Avian Indicators of Climate Change Based on the North American Breeding Bird Survey

Matthew J Clement, James E Hines, James D Nichols, Keith L Pardieck, David Ziolkowski
Posted on: 7/18/2022 - Updated on: 7/17/2023

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Appropriate ecological indicators of climate change can be used to measure concurrent changes in ecological systems, inform management decisions, and potentially to project the consequences of climate change. However, many of the available indicators for North American birds do not account for imperfect observation. We proposed to use correlated-detection occupancy models to develop indicators from the North American Breeding Bird Survey data. The indicators were used to test hypotheses regarding changes in range and distribution of breeding birds. The results will support the Northeast Climate Science Center’s Science Agenda, including the science priority: researching ecological vulnerability and species response to climate variability and change.

Project Products:

  • Estimating indices of range shifts in birds using dynamic models when detection is imperfect (not open access)
    • There is intense interest in basic and applied ecology about the effect of global change on current and future species distributions. Projections based on widely used static modeling methods implicitly assume that species are in equilibrium with the environment and that detection during surveys is perfect. We used multiseason correlated detection occupancy models, which avoid these assumptions, to relate climate data to distributional shifts of Louisiana Waterthrush in the North American Breeding Bird Survey (BBS) data. We summarized these shifts with indices of range size and position and compared them to the same indices obtained using more basic modeling approaches. Detection rates during point counts in BBS surveys were low, and models that ignored imperfect detection severely underestimated the proportion of area occupied and slightly overestimated mean latitude. Static models indicated Louisiana Waterthrush distribution was most closely associated with moderate temperatures, while dynamic occupancy models indicated that initial occupancy was associated with diurnal temperature ranges and colonization of sites was associated with moderate precipitation. Overall, the proportion of area occupied and mean latitude changed little during the 1997–2013 study period. Near-term forecasts of species distribution generated by dynamic models were more similar to subsequently observed distributions than forecasts from static models. Occupancy models incorporating a finite mixture model on detection – a new extension to correlated detection occupancy models – were better supported and may reduce bias associated with detection heterogeneity. We argue that replacing phenomenological static models with more mechanistic dynamic models can improve projections of future species distributions. In turn, better projections can improve biodiversity forecasts, management decisions, and understanding of global change biology.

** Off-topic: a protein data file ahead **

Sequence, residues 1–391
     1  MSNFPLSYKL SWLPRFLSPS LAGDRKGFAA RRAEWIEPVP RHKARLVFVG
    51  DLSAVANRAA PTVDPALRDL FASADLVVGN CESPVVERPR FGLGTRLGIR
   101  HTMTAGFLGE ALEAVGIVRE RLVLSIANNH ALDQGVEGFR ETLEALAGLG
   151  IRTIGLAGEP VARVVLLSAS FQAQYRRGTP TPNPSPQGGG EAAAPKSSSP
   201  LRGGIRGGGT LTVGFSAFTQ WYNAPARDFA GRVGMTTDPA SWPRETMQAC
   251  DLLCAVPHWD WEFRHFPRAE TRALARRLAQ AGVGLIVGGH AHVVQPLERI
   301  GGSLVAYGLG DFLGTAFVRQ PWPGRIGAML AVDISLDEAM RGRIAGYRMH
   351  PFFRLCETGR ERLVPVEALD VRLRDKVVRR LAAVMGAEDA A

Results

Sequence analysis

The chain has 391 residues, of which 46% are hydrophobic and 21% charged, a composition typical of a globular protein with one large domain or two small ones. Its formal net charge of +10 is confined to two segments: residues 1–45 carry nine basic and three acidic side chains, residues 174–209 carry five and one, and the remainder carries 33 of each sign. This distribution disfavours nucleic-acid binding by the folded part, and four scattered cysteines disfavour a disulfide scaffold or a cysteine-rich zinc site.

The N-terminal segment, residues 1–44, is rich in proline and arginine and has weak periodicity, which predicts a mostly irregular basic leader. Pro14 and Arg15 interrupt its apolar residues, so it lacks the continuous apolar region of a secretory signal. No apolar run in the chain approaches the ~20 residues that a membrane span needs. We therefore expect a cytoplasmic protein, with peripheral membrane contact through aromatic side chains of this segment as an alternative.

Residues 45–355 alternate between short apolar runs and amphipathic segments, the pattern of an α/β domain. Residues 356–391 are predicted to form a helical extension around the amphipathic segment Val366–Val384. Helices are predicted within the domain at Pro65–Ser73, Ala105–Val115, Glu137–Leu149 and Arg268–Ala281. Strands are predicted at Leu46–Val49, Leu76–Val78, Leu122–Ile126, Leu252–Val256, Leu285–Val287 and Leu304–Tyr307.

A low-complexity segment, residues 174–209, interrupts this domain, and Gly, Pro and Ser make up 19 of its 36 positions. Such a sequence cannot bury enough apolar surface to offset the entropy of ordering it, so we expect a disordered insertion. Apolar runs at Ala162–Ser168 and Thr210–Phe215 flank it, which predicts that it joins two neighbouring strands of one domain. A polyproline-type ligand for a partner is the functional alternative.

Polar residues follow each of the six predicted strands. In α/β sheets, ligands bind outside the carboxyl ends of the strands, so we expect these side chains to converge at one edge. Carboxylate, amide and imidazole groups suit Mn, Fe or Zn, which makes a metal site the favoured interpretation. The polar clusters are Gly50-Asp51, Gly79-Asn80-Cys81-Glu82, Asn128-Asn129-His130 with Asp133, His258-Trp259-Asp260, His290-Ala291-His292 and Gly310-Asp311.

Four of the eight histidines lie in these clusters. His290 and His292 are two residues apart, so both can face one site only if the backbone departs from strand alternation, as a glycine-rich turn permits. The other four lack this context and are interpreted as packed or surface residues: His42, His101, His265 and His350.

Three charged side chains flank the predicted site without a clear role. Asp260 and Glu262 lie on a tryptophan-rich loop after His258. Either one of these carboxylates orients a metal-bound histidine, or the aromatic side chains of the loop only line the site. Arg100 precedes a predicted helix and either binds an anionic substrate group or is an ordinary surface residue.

Matthew J. Clement, James E. Hines, James D. Nichols, Keith L. Pardieck, David J. Ziolkowski Jr, 2016-05-13, Estimating indices of range shifts in birds using dynamic models when detection is imperfect. Global Change Biology, 22 (10): 3273-3285.

Affiliated Organizations

The USGS is a science organization that provides impartial information on the health of our ecosystems and environment, the natural hazards that threaten us, the natural resources we rely on, the impacts of climate and land-use change, and the core science systems that help us provide timely, relevant, and useable information.

The Northeast Climate Adaptation Science Center is part of a network of nine Climate Adaptation Science Centers managed by the U.S. Geological Survey National Climate Adaptation Science Center. We work with natural and cultural resource managers to gather the scientific information and build the tools needed to help fish, wildlife, and ecosystems adapt to the impacts of climate change.

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